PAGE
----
Let's ask Tim Berners-Lee what he thinks. Tim, in hindsight, I wish you had trademarked the term Web, so that they would have to license it from you. Then you could put a stop to their claims that you're getting the Web through your cellphone. If you can only access part of the Web, you're not getting the Web. That's fundamental. Maybe a simple whitepaper from TBL would do the trick?

Yesterday at lunch with Rohit, we talked about doing some whitepapers. I asked Rohit if he is a writer, and he told me about the O'Reilly books he wrote. That's a good start. A couple of weeks ago I volunteered to help TBL write a whitepaper on his Semantic Web vision. I figured that by doing it I would have to understand what it is, which would make it worth writing about to me.

I believe that among a group of about 25 people we have in our heads a fairly clear vision for what the next layer on the Web will look like. We're lucky that Microsoft left a gap of 22 days for us to play with.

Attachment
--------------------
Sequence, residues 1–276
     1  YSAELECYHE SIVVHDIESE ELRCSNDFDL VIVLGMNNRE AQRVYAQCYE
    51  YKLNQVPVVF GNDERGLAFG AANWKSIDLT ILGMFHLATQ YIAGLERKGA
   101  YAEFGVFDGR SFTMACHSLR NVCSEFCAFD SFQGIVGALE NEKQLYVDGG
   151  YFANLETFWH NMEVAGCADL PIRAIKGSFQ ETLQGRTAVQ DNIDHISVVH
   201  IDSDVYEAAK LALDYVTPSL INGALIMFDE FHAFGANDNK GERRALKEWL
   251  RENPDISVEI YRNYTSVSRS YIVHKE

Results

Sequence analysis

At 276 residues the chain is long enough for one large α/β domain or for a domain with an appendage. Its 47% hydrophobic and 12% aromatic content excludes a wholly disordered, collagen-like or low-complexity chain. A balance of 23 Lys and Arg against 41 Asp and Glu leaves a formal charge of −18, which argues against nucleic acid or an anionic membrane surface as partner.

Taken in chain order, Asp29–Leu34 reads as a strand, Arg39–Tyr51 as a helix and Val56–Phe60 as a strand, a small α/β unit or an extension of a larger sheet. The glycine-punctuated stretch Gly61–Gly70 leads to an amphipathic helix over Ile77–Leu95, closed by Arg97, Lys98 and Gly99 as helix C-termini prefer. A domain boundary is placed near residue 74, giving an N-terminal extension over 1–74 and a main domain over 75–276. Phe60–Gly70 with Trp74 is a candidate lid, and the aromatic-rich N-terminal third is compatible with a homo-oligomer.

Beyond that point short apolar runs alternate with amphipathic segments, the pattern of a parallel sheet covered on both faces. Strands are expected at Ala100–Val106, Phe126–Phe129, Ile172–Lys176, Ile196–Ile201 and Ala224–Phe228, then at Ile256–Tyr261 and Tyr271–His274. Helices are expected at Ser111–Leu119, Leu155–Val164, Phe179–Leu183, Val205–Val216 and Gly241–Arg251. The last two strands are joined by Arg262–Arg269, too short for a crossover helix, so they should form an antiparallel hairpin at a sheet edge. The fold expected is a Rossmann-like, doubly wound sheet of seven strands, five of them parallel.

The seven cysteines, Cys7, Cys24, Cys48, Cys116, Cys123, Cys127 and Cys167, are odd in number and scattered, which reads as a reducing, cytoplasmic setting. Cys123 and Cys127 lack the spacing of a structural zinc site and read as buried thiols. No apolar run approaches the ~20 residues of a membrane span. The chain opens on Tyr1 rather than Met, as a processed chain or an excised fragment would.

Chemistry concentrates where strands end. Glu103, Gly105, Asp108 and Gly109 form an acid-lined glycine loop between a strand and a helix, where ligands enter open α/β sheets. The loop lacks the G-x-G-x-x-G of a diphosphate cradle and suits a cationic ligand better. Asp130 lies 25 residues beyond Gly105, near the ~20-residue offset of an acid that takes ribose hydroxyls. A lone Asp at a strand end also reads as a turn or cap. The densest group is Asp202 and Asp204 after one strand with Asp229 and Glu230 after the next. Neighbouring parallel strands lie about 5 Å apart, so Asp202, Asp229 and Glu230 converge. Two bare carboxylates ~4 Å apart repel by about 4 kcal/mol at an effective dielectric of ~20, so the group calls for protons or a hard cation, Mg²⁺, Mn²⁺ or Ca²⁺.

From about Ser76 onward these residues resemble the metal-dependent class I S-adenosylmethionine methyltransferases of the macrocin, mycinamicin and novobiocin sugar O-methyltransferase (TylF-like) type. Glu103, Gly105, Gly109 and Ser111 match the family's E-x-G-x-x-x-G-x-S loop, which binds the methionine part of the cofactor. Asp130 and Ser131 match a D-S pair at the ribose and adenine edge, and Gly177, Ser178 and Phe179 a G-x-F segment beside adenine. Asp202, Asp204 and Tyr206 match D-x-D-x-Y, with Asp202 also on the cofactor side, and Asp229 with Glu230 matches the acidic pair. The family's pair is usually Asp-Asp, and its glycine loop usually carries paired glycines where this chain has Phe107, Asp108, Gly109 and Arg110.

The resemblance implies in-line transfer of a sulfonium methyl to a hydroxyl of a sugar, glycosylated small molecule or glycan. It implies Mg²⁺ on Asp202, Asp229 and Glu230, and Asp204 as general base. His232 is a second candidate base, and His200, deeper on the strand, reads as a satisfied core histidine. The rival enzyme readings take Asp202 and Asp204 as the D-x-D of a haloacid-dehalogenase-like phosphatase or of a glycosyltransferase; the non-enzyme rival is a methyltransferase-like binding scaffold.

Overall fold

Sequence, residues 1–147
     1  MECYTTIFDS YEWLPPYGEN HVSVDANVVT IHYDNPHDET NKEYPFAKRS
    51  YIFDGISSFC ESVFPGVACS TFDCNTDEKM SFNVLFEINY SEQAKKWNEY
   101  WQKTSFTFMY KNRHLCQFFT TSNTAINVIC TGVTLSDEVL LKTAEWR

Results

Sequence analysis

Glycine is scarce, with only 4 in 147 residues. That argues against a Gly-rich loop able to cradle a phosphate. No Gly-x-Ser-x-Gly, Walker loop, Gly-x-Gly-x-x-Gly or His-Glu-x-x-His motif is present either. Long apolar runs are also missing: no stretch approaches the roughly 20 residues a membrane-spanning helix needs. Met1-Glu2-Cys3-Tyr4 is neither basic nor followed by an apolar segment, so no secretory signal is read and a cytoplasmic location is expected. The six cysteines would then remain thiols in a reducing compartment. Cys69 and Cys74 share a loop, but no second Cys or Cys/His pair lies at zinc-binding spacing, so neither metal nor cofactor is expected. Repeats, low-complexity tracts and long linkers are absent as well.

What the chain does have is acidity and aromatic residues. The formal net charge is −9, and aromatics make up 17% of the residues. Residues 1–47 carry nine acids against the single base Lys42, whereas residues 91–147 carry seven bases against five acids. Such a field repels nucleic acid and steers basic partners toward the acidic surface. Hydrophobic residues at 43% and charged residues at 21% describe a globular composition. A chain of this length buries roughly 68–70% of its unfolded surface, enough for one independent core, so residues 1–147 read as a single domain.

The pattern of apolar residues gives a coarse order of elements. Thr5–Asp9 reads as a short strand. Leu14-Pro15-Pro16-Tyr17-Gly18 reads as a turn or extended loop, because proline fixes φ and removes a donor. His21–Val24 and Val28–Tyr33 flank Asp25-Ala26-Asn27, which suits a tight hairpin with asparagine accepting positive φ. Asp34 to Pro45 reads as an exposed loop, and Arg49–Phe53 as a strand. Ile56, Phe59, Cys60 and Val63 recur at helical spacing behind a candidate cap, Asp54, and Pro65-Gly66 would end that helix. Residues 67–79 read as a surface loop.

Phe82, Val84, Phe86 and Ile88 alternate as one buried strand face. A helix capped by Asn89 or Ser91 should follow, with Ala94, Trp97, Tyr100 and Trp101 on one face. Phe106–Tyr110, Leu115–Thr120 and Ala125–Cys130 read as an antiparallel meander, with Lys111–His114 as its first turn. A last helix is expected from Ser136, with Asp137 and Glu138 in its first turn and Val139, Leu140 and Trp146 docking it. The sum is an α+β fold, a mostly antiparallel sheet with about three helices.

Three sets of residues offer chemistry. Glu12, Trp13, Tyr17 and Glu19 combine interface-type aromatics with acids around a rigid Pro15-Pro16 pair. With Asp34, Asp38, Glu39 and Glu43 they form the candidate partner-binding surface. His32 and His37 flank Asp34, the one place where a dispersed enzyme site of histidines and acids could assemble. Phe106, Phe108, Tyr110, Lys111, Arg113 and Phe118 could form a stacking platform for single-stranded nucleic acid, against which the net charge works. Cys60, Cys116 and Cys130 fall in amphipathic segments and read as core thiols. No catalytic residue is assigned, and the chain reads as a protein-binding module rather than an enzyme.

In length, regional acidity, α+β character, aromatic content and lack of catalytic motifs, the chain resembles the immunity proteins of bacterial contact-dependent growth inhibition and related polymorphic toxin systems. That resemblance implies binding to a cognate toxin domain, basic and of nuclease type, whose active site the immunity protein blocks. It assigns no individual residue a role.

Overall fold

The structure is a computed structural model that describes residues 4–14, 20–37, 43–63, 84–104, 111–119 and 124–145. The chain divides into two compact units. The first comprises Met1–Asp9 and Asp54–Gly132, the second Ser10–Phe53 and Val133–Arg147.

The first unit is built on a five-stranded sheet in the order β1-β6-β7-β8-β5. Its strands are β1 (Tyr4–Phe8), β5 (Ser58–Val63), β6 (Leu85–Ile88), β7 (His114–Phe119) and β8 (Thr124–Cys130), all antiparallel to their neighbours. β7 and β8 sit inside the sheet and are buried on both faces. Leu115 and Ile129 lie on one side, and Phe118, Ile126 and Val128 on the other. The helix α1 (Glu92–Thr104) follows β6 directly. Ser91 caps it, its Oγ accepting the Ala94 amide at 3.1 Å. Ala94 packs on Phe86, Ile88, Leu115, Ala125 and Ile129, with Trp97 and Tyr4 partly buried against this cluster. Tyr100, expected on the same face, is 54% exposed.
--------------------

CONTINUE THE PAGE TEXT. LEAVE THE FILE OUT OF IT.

BTW there's probably a flaw to Microsoft's NGWS strategy, it revolves around the W in NGWS. According to Microsoft the W stands for "Windows". According to Rohit (and I agree) the W must stand for Web.

XML-RPC validator progress

This page contains the Frontier source for a server for the validator1 suite.

New CSS features in Manila

CSS can now control the rendering of calendars and the discussion group.

Software reviews at Internet speed

Yesterday's query about software reviews got a nibble from Lennart Pettersson, the editor-in-chief of the Swedish IT magazine, Datateknik 3.0. An interesting email exchange resulted.

In the last email I said "We're going to have an interesting problem here. The development cycle is much shorter these days, the beta periods are practically non-existent. Frontier 6.2 is slated to ship this month, probably before the middle of the month. However that should give us a good target to work with, because it will probably remain relatively frozen for the next sixty days or so as we gear up for Frontier 7.0.

"We'd be happy to have 6.2 reviewed, but there certainly will be updates and new features and fixes starting the day after we ship. Can that kind of product fit into your review process? This is the interesting challenge about getting software reviewed these days!"